Jason particularly enjoys our scrambled duck eggs and omelets. Duck eggs are great for cooking in this way, especially since they hold up better than chicken eggs and retain more texture and flavor when cooked omelette-style. Duck eggs are significantly more flavorful than chicken eggs, and creamier in texture. They’re extra delicious when you add veggies and other yummies to your omelette.

A Lambsquarter, Purple Potato, and Duck Eggs Omelette!

A Lambsquarter, Purple Potato, and Duck Eggs Omelette!

Boiled/Deviled Duck Eggs

Boiled duck eggs are one of Emma’s favorite ways to eat our eggs. We boil them a bit longer than chicken eggs, but we know everyone has their own recipe for boiling eggs. We usually boil them for about 10 minutes and then leave them in the warm water with the pot’s lid on for about 10 more minutes. We always check an egg afterwards just to make sure they’re cooked to our preferences.

In case you love deviled eggs (like Emma does), you’re going to love deviled duck eggs even more! The natural creaminess of the eggs makes all the difference when you devil them! This is Emma’s mom’s recipe for curried, devil duck eggs… The BEST deviled eggs around!

Baking with Duck Eggs

Duck eggs are often touted as being the very best for baking, and it’s totally true! Since we only eat duck eggs these days (no chicken eggs for us), we’ve baked with duck eggs for a long time. The creaminess of duck eggs makes baking with them simply amazing! When you’re baking, you can substitute duck eggs for chicken eggs 1:1.

Duck Egg Drop Soup

This is perhaps the easiest and most unique way to enjoy duck eggs. We make a delicious broth with our chicken bones and make sure that the strained and ready-to-drink broth is very lightly simmering. Then we crack a few duck eggs into a bowl and whisk them so that when we slowly pour them into the simmering broth, they are easily stirred into small pieces with a fast-moving whisk. The whisked duck eggs cook in a matter of minutes and then we like to add peas and other yummy spices! Try this simple and easy recipe for a delicous treat.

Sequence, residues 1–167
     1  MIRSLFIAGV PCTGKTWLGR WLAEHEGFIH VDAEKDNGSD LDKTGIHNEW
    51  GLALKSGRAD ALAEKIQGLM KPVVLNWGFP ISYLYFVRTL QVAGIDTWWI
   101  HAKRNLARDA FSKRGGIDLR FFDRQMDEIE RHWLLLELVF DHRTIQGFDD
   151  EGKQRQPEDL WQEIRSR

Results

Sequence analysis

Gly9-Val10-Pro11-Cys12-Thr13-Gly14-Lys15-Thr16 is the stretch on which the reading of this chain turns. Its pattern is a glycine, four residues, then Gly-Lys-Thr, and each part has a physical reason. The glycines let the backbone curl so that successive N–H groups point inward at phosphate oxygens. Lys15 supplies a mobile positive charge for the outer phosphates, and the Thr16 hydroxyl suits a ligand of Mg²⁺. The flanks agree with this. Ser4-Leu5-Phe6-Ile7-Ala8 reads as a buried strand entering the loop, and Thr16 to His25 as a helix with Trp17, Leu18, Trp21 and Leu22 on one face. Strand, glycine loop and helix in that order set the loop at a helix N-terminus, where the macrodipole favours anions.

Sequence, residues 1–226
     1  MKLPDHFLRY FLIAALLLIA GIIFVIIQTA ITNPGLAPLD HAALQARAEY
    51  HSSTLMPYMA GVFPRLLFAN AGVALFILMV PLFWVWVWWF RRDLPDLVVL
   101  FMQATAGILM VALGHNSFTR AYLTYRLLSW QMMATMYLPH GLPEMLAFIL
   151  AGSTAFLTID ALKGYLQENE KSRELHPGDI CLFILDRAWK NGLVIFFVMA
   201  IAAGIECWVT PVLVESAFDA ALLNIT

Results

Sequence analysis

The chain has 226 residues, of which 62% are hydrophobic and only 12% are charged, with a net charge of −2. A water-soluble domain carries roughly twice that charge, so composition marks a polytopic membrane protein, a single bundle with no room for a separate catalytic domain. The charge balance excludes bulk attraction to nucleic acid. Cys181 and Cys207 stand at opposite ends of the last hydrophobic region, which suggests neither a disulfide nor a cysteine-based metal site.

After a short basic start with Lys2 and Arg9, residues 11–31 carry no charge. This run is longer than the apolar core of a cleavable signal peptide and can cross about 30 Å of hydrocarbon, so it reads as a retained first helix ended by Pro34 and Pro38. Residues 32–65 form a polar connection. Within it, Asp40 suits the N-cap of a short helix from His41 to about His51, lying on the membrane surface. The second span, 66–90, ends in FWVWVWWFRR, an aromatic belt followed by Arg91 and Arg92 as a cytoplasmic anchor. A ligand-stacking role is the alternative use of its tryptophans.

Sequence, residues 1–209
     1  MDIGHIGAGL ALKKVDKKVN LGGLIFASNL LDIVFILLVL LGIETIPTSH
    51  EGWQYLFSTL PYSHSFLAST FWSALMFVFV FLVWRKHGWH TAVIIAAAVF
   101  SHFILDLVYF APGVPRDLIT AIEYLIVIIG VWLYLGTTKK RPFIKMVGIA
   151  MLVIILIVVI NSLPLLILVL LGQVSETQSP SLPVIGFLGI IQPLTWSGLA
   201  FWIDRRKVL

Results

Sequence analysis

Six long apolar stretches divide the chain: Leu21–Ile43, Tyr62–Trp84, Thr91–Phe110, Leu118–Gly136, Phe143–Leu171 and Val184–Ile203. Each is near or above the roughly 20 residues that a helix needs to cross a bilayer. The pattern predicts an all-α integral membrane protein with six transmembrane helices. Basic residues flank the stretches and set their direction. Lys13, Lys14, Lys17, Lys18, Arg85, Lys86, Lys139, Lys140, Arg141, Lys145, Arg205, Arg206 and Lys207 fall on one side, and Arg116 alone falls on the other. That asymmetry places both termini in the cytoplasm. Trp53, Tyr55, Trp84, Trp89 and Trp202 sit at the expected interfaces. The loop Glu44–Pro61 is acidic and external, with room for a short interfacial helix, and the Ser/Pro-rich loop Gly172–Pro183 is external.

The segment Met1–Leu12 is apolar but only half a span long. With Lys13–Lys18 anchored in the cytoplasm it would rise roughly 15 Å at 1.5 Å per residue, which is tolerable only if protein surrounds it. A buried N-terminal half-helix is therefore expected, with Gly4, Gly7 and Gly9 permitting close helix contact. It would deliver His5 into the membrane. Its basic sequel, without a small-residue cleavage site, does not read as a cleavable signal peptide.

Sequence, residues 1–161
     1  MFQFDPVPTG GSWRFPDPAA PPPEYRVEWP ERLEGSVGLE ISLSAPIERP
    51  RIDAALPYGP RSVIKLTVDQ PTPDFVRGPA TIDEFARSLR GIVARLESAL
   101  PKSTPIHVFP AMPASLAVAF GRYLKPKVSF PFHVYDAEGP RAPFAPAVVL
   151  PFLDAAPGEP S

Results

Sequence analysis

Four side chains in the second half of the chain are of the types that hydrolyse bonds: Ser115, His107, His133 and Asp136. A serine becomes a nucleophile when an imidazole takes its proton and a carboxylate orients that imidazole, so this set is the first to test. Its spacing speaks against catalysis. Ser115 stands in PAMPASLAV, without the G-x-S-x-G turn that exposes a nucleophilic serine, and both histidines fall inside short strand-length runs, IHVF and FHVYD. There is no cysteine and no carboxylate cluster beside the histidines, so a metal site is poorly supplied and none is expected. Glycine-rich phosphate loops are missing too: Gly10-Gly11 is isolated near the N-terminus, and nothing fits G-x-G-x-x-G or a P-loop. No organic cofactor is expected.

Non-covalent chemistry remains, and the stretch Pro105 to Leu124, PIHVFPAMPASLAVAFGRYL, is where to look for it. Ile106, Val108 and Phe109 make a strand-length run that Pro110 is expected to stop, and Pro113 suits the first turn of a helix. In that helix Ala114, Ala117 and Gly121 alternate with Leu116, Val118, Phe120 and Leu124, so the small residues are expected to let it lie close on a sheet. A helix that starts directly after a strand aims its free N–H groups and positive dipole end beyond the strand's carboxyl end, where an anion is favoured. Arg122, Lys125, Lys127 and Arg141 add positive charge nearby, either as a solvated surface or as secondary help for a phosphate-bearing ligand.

Duck Egg Drop Soup!

Duck Egg Drop Soup!

There is always a way to enjoy nutritious and yummy duck eggs!

 

 

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Happy Ducks Come Home

This video is a brief look at the beginning of our ducks’ nighttime routine here on the homestead. After we call “duck, duck, duck!” they come running back to their nighttime space to wait for their evening meal. We just added fresh bedding (consisting of leaves) before this video was filmed, and since ducks are hunters at heart, you can see them searching through the bedding in case any bugs are hiding.

Check out the video below!

 

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Beware the Label “Free Range”